Remember when roguelikes were a rare beast of a game that may have appeared here and there but ultimately made up an incalculable amount of the video game market? Since that time, roguelikes have risen to such prominence that they are starting to remind me of an insurgent force that takes over the evil dictator. Whereas once they were seen as the champion of the little guy, they’re now starting to settle into a role of a dictator themselves, as the fire that lit their creative revolution has been cooled by the comfort of complacency.
Or, to put it in a less metaphorical way, roguelikes are starting to get a bit stale.
Desktop Dungeons bills itself in part as a roguelike, but like many roguelikes these days it is in fact several genres mixed into one. Upon starting Desktop Dungeons, in fact, you’re greeted with a game that resembles a free to play town builder more than anything as you quickly discover that your billed goal in this game is to expand a small settlement into a kingdom, by venturing into various dungeons and using the plunder found there for your warchest.
Ultimately, however, this settlement serves as a hub for the real game which takes place in the dungeons. It’s there where the rougelike elements come into play, as you pick a race and a class (all of the typical RPG mold, though often accentuated with a touch of referential humor) and enter a randomly generated dungeon that is mostly covered with a fog of war effect.
By venturing into the dark you not only uncover treasures, monuments and enemies, but in a stroke of game design brilliance you restore health and mana to your hero. This means that exploration is both paramount to survival, and detrimental as you may run into a situation that you aren’t prepared for.
Although thanks to the way the combat system works in Desktop Dungeons, you are rarely in a dangerous situation you didn’t create based on your own actions. This is because the strength of your foes are clearly marked by a number under their character, and that you don’t have to fight them unless you initiate combat.
Effectively, this makes Desktop Dungeons a combat puzzle game, that’s placement and use of enemies often reminds me of Minesweeper. Oh sure you choose to fight, but fighting at some point does become necessary, and even though the fights themselves consists of simply touching the enemy while mixing in some magical attacks here and there, it’s the strategic element of deciding which order to approach your enemies that makes things so compelling.
This is where the true depth of Desktop Dungeons comes through. Depending on your race and class, there are many subtleties to combat to consider and implement if you ever hope to escape alive. My favorite example of this is the priest class, who gain their abilities through a point based piety system. For instance you may find an altar to a god that can grant you incredible strength, but detests magic and wishes for you to sacrifice any magical attacks you come across to him. Alternatively you can use magic, but doing so earns you the wrath of the god who can smite your unpious ass should you push him to far.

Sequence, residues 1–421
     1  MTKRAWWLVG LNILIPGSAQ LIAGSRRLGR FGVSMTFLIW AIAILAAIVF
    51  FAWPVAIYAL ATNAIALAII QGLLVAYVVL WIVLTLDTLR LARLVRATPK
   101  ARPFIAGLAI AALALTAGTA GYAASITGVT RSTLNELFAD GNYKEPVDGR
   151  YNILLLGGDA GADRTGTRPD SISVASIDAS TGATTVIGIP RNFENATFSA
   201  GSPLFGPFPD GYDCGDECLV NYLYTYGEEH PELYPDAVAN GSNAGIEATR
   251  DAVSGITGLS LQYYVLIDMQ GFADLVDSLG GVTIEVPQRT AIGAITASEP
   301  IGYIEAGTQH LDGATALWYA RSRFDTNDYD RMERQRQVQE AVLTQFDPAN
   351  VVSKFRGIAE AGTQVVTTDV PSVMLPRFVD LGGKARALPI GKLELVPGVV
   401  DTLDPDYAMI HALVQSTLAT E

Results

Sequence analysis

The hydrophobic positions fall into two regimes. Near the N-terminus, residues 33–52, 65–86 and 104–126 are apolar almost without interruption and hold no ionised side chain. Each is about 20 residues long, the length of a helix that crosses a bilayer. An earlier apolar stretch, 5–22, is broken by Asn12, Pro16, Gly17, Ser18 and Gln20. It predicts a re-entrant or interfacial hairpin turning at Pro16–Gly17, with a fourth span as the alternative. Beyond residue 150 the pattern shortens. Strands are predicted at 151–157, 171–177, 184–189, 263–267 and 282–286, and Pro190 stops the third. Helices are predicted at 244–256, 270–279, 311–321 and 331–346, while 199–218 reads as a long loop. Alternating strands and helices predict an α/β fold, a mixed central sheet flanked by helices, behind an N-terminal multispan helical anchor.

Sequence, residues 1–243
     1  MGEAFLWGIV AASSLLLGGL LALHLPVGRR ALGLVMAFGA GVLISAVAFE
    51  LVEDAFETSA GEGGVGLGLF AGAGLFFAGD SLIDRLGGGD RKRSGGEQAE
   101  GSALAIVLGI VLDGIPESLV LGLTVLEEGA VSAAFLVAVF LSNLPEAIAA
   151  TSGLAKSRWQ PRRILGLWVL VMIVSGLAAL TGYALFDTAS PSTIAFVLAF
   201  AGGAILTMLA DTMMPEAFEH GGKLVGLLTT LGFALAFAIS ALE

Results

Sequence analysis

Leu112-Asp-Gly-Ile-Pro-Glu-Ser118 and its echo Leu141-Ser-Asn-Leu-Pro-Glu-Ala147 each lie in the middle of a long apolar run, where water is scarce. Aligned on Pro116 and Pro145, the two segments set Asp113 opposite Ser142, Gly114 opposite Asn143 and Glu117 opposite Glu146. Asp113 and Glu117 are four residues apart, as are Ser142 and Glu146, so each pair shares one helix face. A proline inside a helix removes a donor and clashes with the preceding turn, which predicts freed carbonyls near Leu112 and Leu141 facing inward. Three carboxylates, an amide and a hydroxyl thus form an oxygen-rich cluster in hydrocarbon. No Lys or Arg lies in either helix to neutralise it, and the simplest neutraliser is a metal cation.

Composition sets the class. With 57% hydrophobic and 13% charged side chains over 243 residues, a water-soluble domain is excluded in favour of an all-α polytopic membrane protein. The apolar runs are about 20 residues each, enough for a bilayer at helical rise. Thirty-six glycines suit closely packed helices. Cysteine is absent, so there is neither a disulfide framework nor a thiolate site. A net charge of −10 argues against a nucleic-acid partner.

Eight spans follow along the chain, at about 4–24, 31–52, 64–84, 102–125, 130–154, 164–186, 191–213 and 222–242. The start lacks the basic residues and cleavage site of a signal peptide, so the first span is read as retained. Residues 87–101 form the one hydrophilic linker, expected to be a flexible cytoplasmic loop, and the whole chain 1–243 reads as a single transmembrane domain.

Even better, these dungeon escapades tend to last somewhere around the 10 minute mark on average meaning they’re more than doable in the typical mobile gaming play session. Unfortnately, for you at least, most of these sessions will end with you facing defeat as Desktop Dungeons is a brutal game. Sometimes it’s a matter of your luck in enemy and item placement, as many randomly generated games can be, but more often than not it’s down to your ability to assess and conquer your given situation with the tools available. And let me tell you; the thrill of conquering a dungeon and expanding your in-game town, and therefore the amount of races, classes and resources available to you for your next dungeon, is exhilarating. What we have here in Desktop Dungeons is a perpetual motion RPG that flows so brilliantly into its next element, and leads to a well of infinite gameplay enjoyment.
Unfortunately for Android players, this proves to be mostly all for naught as Desktop Dungeons is undone by one crippling flaw. It fundamentally does not work on the mobile format.
Let me explain. Desktop Dungeons began life as a PC game, and therefore was built around the kind of precision controls you only get through use of a mouse. While other Android games have begun their lives as PC games and made the transition just fine despite that handicap, what makes it so very tough in the case of Desktop Dungeons is that your points of detection are incredibly tiny. Many people will find they are far tinier than the size of the average adult fingertip.
To help counter this problem, the game is only available for Android tablets. While this was a wise move as I can’t begin to imagine trying to play this game on a phone, it doesn’t really fix the issue that 95% of what makes the game great is reliant on some levels of pinpoint precision that are very difficult to pull off in this format. The developers did all they could to help get around this, and the game certainly isn’t broken, but for a game that is intentionally designed in some part to be infuriating and challenging, having controls that are so prone to accidents is a big, big problem.
I wish it weren’t the case as the design of Desktop Dungeons is so very, very good but I can’t really recommend that Android gamers shell out the $10 asking price for a game that’s true version is a mere $5 more dollars, and basic PC away from experiencing.
Is it Hardcore?
An ingeniously designed game that is unfortunately hindered by the basic nature of touch controls.